Guarded, Worked, Planted

  1. The poskim argue in a case where a Jew guarded his field instead of making it hefker whether the produce is assur (see Issue 236, paragraph 20). A similar machlokes exists when forbidden work is done in a Jewish-owned field in shemitah (ibid.). However, when it comes to a non-Jew’s produce, even those who follow the Mabit and treat a non-Jew’s produce with kedushah do not need to worry about the issur of produce that was guarded or worked [שמור ונעבד]. Furthermore, produce planted in a non-Jew’s field in shemitah does not become forbidden (בית דוד ח”ב אות י’ ובהערה).

Terumos and Maasros

  1. Jew’s field. Shemitah produce from a Jew’s field is patur from terumos and maasros (טור יו”ד סי’ של”א סי”ט). Some say this is because shemitah produce is hefker, and hefker is patur from terumos and maasros (ב”י שם, אבקת רוכל סי’ כ”ד הובא במהרי”ט סי’ מ”ב). Others say the petur is due to the kedushas shevi’is (מבי”ט שם, מהרי”ט ח”א סי’ מ”ג ד”ה ורואה אני). Yet others understand that anything that grows in shemitah is inherently patur from terumos and maasros, the proof being that the Torah did not tell us which type of maaser applies during shemitah (חזו”א סי’ ז’ סק”ט ד”ה ט”ו, תוס’ ר”ה י”ד: ד”ה ולשביעית).
  2. Non-Jew’s field. Produce that both grew and had its finishing work done in a non-Jew’s field in shemitah is patur from terumos and maasros however you look at it: if it has kedushas shevi’is, it is patur (מבי”ט), and if it does not, then for the same reason it does not have kedushas shevi’is [i.e., because a non-Jew’s possession of the land removes its chiyuvim], it is patur from terumos and maasros (ב”י).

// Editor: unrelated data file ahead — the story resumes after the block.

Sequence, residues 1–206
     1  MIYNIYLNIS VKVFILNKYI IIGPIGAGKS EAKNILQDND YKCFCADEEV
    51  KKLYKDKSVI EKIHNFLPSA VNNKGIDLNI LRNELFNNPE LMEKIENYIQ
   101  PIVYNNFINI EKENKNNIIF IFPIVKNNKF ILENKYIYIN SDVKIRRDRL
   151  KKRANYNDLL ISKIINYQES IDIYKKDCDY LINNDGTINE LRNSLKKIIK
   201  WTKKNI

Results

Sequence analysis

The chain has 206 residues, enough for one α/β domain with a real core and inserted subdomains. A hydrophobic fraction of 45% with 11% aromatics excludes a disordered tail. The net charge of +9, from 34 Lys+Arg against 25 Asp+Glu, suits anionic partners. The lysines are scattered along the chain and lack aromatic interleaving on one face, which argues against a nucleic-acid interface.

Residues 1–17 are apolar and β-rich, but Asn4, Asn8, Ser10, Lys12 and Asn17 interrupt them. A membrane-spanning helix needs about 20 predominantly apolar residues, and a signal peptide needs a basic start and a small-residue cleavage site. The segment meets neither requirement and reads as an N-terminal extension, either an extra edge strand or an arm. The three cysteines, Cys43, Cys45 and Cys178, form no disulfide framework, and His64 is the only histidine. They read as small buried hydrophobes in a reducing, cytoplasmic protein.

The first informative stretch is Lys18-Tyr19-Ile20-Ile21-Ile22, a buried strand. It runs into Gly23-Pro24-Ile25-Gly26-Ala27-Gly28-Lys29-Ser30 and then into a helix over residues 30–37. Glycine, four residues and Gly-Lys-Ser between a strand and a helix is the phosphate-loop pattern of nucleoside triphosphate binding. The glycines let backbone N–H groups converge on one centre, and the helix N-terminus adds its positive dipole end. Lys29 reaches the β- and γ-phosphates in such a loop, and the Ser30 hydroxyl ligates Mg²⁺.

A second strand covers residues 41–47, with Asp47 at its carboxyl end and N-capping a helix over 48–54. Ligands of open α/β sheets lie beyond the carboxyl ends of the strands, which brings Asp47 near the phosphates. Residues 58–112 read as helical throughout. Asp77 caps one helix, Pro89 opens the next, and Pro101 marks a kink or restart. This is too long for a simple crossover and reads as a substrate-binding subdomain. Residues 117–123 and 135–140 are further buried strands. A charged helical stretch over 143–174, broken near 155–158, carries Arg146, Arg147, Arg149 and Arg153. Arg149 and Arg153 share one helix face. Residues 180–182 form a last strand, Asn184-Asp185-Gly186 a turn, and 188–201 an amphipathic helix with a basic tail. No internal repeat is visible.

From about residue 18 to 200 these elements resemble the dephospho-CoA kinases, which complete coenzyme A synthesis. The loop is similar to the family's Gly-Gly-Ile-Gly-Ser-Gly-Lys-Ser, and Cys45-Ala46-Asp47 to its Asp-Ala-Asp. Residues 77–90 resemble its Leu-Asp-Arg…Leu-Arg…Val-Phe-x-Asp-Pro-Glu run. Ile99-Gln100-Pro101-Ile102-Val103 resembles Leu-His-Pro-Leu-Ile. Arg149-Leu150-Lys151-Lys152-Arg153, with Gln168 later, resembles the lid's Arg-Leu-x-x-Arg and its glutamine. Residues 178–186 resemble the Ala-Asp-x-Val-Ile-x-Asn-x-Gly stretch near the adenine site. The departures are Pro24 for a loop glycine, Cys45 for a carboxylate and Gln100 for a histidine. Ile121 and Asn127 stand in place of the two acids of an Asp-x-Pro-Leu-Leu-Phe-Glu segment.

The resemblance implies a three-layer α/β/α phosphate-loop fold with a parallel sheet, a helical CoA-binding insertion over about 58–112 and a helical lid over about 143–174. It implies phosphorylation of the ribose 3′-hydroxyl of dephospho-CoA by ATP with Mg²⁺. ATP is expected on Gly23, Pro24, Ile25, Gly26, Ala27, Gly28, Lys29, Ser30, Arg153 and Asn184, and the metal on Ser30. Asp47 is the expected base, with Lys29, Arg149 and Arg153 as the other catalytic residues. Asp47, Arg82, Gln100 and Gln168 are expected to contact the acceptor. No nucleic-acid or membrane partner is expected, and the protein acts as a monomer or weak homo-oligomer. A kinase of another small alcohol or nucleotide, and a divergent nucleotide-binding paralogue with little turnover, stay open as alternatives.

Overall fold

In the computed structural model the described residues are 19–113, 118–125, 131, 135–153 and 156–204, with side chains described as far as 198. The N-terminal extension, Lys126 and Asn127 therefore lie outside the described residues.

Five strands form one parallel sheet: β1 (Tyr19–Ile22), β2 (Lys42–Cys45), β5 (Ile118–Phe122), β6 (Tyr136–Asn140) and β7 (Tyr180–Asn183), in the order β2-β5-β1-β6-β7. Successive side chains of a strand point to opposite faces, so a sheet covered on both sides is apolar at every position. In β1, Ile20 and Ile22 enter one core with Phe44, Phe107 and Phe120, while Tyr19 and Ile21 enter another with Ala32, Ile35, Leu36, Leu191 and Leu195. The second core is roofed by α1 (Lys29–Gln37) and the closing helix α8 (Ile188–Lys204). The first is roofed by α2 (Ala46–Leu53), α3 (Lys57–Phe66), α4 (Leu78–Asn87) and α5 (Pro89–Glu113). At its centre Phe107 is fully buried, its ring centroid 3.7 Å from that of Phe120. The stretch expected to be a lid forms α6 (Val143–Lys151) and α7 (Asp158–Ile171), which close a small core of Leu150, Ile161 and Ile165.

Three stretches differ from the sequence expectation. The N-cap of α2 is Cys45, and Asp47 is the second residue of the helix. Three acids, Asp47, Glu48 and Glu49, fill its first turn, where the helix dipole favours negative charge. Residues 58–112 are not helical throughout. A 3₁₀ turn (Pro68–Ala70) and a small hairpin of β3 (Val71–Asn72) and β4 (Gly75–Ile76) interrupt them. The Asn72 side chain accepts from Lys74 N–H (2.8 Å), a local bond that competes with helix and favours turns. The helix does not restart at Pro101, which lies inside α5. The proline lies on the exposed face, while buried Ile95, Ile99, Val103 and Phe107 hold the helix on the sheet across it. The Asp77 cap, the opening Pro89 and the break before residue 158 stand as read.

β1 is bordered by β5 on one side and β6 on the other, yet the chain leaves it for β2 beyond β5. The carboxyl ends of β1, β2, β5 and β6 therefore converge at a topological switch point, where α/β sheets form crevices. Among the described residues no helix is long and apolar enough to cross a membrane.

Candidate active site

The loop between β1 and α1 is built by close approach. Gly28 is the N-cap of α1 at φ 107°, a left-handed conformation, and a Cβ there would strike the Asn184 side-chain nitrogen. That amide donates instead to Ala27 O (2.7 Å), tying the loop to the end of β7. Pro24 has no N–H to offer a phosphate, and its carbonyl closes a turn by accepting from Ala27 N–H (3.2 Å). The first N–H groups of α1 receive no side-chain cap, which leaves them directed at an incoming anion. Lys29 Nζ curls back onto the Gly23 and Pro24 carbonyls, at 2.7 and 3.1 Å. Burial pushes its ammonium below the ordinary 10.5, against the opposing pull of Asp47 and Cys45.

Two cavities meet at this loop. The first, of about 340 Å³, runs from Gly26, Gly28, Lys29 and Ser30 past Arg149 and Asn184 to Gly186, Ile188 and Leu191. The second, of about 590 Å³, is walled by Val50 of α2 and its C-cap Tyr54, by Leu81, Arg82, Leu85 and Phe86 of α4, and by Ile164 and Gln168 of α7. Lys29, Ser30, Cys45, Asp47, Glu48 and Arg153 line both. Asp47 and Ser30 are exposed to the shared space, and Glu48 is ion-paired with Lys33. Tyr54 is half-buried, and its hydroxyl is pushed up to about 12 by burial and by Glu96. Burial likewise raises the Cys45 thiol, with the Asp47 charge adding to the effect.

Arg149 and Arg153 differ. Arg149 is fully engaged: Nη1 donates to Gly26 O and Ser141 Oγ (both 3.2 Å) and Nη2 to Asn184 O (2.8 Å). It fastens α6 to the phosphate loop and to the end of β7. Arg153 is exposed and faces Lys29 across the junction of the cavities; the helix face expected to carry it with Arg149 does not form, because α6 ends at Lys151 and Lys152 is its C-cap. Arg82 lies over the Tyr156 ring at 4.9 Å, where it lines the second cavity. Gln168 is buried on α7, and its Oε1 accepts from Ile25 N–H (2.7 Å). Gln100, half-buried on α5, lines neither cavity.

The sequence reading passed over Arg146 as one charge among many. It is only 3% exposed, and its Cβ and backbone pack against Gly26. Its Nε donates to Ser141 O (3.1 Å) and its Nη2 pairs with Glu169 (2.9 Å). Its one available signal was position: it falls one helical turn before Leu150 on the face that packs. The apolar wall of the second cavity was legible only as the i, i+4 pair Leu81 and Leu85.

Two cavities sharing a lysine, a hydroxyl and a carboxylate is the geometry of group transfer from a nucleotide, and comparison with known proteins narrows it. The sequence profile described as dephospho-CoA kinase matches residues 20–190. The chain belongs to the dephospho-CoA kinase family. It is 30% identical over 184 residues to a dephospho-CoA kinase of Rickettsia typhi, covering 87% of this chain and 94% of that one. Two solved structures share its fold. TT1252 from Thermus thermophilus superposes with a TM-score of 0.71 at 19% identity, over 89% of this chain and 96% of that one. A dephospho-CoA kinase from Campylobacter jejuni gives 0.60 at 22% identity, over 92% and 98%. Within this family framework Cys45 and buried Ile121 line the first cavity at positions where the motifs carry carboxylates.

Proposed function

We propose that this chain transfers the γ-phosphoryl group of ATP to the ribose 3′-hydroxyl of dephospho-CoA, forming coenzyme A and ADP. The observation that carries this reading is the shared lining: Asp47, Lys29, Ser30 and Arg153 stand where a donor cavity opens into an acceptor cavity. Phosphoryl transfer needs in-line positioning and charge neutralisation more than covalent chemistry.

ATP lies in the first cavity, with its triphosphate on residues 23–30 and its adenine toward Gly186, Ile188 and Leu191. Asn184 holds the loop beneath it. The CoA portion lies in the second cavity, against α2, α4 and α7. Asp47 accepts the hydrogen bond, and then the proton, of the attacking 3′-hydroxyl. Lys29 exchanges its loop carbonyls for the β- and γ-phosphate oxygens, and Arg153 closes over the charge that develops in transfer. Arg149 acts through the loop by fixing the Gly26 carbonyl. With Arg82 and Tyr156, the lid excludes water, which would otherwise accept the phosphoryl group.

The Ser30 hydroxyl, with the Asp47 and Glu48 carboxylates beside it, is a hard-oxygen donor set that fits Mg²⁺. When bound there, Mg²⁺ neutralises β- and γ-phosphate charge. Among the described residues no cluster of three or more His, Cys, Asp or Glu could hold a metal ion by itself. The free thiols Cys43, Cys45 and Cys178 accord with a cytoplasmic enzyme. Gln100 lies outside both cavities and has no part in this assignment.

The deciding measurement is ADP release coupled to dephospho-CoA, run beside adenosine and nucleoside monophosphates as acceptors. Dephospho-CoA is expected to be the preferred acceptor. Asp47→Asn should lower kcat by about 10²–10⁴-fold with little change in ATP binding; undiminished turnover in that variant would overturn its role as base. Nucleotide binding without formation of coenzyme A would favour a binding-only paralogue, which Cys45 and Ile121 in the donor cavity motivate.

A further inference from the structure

3. Finished in a Jew’s possession. However, the poskim argue about a case where produce grew in a non-Jew’s field but had its finishing work done in a Jew’s possession, e.g., a Jew bought grapes and made wine from them. Some say that according to the hefker reasoning for the petur of terumos and maasros, one must separate terumos and maasros since a non-Jew’s produce is not hefker (ב”י יו”ד סי’ של”א סי”ט, רמ”א שם). According to others, the reason terumos and maasros must be separated is because [according to them,] there is no kedushas shevi’is on a non-Jew’s produce (כפתור ופרח פמ”ז).
  4. However, others hold such produce is patur from terumos and maasros because it has kedushas shevi’is (מבי”ט, מהרי”ט שם) or because of the inherent petur of all produce that grows in shemitah (ע”פ החזו”א הנ”ל).
  5. In practice. In light of this machlokes, the consensus of the poskim is that terumos and maasros should be separated from a non-Jew’s produce in shemitah (פאת השלחן פכ”א סי”ג, חזו”א סי’ ט’ סקי”ח ד”ה ולמעשה) without a brachah. We separate them to satisfy the opinions that hold the produce must have terumos and maasros separated, but we take into account the opinions that it is patur and we don’t make a brachah. Even for those who hold that the produce has kedushas shevi’is, separating terumos and maasros is not a problem of wasting shemitah food since the purpose is to avoid a possible issur (חזו”א שם).

Minhag Today Regarding Produce of a Non-Jew

Minhag Yerushalayim